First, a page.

How Many Calories are in Sugar?
Consuming calories in the form of sugar may be something you haven’t thought about much before, so understanding more about foods that contain sugar may help you overcome some of your biggest challenges when it comes to weight loss. Sugar is everywhere, and it seems it might be far too big a part of our regular food intake Listed below is a complete guide on the calories in sugar and why you should care about how much you ingest.
What is a Calorie?
The definition of a calorie could be long and detailed, but this is what you need to know: a calorie is the amount of heat it takes to increase the temperature of one gram of water by one degree Celsius. If you are someone who enjoys chemistry and history, you might be interested to know that one calorie is equivalent to 4.18 joules, which is most commonly used measurement for the energy in food in other countries.
When you travel outside of the U.S. to countries that use the metric system, you may find that food labels have information in kilojoules or kilocalories (Kcal). In the U.S., food labels use calories to measure the total energy being consumed. Although U.S. food labels tend to use the term calorie, they’re really giving the number of kilocalories, which is the equivalent of 1,000 calories.
Whenever you consume something that has calories, you’re providing your body with “fuel.” Technically, however, the calories you ingest are a result of a chemical reaction in your body. Consuming food (and the calories associated with it) results in a certain amount of heat your body gives off in response to that particular food. Think of it this way: something with 1,000 calories will cause your body to heat up five times more than food that contains 200 calories, and the more calories you consume means you are likely to increase your chances of weight gain. Foods that contain fats, proteins, and carbohydrates contain calories because they are the only substances (other than alcohol) that cause chemical reactions in the body as a result of digesting them.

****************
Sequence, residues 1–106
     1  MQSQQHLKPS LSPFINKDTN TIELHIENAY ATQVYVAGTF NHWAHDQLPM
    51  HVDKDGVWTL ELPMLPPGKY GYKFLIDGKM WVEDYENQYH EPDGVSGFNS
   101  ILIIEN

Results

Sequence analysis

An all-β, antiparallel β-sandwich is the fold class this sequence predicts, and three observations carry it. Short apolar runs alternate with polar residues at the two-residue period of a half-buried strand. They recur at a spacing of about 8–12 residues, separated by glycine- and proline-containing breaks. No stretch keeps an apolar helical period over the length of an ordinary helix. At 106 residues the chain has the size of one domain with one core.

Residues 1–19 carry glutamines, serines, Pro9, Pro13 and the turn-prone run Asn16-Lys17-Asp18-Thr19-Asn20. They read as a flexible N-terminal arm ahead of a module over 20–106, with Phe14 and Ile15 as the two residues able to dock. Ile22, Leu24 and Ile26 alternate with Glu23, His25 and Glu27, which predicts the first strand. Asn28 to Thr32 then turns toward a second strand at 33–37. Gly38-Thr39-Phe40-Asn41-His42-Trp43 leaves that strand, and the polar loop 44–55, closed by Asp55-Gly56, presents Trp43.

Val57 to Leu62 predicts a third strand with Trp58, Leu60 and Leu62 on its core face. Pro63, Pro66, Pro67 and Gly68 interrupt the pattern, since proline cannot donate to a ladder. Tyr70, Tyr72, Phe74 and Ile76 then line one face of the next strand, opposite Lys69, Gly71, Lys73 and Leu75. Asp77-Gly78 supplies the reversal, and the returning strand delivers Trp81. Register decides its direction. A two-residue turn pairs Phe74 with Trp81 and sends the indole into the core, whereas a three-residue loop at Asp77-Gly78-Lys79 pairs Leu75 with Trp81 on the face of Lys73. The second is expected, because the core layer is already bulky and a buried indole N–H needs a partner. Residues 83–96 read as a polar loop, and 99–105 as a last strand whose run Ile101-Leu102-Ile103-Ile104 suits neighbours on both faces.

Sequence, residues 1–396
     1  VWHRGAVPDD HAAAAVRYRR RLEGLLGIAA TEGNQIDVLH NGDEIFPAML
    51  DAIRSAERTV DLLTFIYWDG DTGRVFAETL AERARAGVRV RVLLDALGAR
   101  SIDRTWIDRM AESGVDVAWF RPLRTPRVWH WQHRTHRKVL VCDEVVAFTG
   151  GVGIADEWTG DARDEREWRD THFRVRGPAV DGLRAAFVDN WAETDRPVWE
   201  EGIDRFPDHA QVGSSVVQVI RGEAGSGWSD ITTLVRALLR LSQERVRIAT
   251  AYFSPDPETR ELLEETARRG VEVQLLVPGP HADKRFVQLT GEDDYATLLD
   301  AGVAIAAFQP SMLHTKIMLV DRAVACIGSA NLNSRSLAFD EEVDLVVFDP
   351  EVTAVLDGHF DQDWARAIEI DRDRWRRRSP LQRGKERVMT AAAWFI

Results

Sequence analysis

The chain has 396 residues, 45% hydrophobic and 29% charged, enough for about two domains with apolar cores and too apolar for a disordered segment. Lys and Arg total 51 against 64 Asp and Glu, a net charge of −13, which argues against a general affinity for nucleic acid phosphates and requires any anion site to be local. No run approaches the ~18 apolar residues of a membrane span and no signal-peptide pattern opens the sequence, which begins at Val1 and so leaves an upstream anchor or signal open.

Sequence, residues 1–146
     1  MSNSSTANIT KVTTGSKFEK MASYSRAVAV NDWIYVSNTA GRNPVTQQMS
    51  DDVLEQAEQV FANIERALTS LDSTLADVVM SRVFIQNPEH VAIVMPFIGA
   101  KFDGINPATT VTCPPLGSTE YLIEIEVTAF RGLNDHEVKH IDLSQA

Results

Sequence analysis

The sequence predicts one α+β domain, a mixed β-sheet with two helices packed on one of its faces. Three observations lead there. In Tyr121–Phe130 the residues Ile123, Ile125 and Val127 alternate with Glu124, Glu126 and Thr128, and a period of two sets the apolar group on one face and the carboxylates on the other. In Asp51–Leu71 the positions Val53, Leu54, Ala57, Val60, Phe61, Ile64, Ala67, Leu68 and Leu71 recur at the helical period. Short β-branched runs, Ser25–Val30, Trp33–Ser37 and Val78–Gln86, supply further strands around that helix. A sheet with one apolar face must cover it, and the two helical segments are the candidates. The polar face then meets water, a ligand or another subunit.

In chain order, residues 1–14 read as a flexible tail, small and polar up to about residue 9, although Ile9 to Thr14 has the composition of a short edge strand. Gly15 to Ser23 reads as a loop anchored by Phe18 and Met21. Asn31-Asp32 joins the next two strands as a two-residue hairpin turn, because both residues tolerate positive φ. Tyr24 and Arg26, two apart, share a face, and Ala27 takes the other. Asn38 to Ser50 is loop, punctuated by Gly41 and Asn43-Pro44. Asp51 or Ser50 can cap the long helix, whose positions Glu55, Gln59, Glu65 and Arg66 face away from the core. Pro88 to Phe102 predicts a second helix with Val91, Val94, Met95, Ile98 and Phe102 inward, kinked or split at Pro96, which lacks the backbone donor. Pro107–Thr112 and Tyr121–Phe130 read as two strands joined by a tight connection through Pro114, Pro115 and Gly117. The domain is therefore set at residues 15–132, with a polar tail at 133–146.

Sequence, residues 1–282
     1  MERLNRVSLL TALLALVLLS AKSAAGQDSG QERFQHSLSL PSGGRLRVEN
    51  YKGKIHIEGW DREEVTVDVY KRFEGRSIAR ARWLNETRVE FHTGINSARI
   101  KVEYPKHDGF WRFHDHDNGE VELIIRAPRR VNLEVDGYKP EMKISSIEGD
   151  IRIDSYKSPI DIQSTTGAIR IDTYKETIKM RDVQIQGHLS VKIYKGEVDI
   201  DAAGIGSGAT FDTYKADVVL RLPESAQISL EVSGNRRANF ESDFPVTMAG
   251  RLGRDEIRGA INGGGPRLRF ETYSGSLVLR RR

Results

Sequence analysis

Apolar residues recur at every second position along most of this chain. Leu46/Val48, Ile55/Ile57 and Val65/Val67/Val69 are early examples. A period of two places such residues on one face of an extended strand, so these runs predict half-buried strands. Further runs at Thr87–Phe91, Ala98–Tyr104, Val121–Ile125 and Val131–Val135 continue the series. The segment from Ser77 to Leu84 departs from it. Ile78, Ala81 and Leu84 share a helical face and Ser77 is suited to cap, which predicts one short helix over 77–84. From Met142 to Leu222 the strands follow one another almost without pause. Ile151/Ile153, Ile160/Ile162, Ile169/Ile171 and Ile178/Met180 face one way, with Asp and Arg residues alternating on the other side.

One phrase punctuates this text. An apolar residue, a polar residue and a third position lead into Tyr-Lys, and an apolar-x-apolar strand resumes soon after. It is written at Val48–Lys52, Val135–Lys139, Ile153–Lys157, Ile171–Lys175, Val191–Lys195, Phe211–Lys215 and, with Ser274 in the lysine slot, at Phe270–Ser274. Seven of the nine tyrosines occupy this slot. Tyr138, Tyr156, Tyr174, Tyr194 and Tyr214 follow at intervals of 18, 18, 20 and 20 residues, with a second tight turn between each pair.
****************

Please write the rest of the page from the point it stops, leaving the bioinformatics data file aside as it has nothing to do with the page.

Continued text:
Now that you have a bit of information on what a calorie is, its equivalent in other countries, and how it is affected by what you eat, you might think, “who cares?” Let’s take a closer look into why you should care about calories and how sugar intake plays a key role in how many calories you take in.
Why Should You Care About Calories and Sugar Intake?
Calories are one common way to measure your dietary intake, especially if you are on a weight loss program. Much of the standard adult diet is based on your total caloric intake. For example, the U.S. dietary guidelines use your total caloric intake as a way to calculate the total percentage of nutrients required each day. This means that if someone told you to consume no more than 30 percent of your total daily intake from fats, then you should be able to take the calories you eat and calculate how many fat grams to consume each day.
Weight loss and management programs are often widely dependent on daily calories as well. Many weight loss programs suggest that you should aim for a certain calorie goal as a way to reach your goals, and usually this requires a reduced caloric intake. This is very important when you are aiming to lose those extra pounds, but recent research shows that watching your total sugar intake may play a bigger role in weight loss than the diets themselves. Studies have shown that beverages that are loaded with added sugars are associated with increased obesity among adults and children. Paying attention your total caloric intake is important, but it seems that watching your total sugar intake (and calories from sugar) is even more important.